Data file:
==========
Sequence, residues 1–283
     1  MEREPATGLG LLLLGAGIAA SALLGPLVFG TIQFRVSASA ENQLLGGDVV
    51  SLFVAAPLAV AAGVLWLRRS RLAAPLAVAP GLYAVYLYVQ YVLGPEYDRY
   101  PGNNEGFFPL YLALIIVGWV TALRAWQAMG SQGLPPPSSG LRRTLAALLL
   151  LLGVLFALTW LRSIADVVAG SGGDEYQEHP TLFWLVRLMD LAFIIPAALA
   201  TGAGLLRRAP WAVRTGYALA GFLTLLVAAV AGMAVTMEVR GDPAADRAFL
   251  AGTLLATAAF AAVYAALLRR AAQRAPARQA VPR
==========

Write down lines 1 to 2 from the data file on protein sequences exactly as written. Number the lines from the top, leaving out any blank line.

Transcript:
Sequence, residues 1–283
     1  MEREPATGLG LLLLGAGIAA SALLGPLVFG TIQFRVSASA ENQLLGGDVV